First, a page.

Sunday, March 02, 2014

And so it's farewell to Pellism this meditative Sunday, but fear not, the Americans and the Jensenists are still going strong ...

Sadly the glory days when Cardinal Pell was a world renowned internationally respected climate scientist have now gone, but it's reassuring that his scientific expertise has been re-assigned to Vatican finances, as you can read in Australia's least trusted newspaper in Pope Benedict calls in experts to control the Vatican finances.

Inter alia, in a treatise on Vatican finances that is certain to create tremendous excitement amongst tabloid readers, the humble Cardinal downplay's Gerard Henderson's assertion that he's number two in the Vatican:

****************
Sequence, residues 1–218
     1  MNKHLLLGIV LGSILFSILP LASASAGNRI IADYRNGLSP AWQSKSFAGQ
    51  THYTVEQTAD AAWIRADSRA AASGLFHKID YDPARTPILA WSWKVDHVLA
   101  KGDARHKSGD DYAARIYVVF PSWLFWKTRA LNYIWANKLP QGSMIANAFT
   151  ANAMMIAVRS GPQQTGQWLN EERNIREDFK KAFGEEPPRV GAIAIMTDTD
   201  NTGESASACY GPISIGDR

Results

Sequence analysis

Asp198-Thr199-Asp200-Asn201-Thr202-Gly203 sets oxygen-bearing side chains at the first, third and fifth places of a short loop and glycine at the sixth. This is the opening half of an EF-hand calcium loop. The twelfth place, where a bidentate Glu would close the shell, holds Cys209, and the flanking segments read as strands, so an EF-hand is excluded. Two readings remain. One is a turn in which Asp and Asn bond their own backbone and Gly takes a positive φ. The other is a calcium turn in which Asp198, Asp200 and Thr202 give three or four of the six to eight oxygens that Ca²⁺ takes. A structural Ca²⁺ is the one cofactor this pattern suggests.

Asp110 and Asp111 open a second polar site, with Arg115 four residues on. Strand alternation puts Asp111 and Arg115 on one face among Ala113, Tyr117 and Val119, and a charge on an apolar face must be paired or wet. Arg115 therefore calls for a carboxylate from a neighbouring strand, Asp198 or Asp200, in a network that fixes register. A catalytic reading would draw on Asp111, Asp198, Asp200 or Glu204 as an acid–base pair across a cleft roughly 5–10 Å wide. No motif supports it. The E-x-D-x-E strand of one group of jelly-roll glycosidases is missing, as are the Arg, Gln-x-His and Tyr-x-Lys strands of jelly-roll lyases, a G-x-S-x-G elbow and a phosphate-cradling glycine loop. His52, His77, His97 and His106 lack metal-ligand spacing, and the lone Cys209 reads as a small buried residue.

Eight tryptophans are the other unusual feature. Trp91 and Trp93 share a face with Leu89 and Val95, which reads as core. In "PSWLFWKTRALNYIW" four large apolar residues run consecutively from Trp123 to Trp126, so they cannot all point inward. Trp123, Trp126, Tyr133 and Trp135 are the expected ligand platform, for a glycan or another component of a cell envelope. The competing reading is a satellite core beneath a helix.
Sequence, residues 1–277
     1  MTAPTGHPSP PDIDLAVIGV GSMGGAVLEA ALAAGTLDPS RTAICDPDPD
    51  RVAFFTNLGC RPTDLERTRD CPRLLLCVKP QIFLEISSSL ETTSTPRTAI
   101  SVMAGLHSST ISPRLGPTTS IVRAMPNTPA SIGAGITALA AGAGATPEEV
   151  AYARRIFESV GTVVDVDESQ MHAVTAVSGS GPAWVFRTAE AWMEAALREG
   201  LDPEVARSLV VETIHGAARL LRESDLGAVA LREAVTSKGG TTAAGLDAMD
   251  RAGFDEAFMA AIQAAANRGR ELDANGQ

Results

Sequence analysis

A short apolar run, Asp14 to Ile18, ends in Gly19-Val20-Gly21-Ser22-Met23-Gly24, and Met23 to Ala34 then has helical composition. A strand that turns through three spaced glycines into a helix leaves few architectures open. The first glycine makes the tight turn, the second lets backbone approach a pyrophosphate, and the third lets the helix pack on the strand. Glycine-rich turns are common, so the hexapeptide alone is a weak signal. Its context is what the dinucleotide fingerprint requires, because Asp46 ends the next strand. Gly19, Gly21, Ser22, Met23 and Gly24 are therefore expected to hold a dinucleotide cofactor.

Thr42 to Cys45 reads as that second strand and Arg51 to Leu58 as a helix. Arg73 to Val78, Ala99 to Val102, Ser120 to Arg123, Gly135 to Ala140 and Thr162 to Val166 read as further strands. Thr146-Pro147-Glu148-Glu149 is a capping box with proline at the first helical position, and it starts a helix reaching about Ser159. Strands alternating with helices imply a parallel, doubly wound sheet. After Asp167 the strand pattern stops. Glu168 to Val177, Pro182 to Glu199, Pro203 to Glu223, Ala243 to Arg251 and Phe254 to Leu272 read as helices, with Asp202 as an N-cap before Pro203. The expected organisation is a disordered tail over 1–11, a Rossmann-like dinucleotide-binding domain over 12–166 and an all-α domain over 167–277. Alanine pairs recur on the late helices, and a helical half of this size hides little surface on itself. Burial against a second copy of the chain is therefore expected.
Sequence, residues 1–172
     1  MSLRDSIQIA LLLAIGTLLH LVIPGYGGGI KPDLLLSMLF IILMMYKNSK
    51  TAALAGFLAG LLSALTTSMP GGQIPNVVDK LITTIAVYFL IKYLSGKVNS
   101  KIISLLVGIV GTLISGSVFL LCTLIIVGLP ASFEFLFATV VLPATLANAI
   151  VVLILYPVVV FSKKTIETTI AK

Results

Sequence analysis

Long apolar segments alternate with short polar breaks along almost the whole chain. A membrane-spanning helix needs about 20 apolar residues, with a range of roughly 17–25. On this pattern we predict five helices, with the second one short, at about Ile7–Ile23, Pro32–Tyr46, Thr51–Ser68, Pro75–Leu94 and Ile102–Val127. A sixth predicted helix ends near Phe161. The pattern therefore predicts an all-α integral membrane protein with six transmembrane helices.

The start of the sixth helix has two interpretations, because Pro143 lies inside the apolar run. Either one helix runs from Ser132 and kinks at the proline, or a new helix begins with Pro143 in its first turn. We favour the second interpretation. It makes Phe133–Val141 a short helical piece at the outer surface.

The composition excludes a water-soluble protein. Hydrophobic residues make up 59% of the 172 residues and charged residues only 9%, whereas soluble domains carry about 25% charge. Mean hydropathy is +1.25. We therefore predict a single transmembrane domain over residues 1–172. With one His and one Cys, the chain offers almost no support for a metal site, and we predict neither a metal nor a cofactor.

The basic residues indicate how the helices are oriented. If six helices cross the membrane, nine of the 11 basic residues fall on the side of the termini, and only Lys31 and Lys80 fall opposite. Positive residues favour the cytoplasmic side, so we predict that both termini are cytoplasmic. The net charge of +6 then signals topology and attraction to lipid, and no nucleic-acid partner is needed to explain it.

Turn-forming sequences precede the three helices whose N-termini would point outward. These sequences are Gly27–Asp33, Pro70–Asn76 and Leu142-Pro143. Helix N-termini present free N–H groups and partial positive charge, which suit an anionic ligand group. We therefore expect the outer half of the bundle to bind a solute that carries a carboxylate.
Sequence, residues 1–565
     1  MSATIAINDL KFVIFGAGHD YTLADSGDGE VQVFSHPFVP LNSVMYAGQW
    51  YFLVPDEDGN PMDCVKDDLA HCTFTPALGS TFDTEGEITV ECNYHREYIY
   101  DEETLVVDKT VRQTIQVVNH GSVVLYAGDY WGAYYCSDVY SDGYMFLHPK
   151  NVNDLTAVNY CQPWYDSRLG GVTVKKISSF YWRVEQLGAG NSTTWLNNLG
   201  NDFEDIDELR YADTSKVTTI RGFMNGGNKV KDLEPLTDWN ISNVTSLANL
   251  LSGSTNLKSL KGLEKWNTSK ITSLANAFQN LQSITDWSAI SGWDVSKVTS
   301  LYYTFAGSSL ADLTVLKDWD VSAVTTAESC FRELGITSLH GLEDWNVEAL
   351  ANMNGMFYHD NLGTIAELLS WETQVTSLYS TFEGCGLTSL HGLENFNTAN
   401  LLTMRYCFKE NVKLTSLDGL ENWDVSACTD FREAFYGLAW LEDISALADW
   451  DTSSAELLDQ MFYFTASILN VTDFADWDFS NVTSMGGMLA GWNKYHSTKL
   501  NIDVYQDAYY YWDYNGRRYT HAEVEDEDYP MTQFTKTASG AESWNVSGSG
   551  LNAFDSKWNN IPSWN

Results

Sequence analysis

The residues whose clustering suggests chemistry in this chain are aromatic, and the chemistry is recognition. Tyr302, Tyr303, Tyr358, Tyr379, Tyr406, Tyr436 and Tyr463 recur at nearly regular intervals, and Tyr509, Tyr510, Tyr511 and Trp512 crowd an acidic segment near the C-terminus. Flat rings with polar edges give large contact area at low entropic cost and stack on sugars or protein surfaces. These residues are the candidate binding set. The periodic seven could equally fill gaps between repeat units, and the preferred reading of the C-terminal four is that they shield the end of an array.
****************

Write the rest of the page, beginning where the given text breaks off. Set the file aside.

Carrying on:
The chief executive of the finance secretariat (a job which the Pope has given to me) will not be a member of the Council of the Economy. 
As chief executive my task will be to persuade the Council of the wisdom of our proposals, just as the Vice Chancellor has to persuade a University Senate, which makes the decisions. 
The Auditor General, who can intervene anywhere at any time, will be independent of the chief executive (called Prefect of the Secretariat for the Economy) as will the Financial Services Authority, the Vatican equivalent of the Australian Prudential Regulation Authority. 
None of this is rocket science, and most seems to us to be an expression of rudimentary common sense, but officials in other countries sometimes brings a different set of perspectives, and sometimes even a different sense of what is appropriate behaviour.

And now?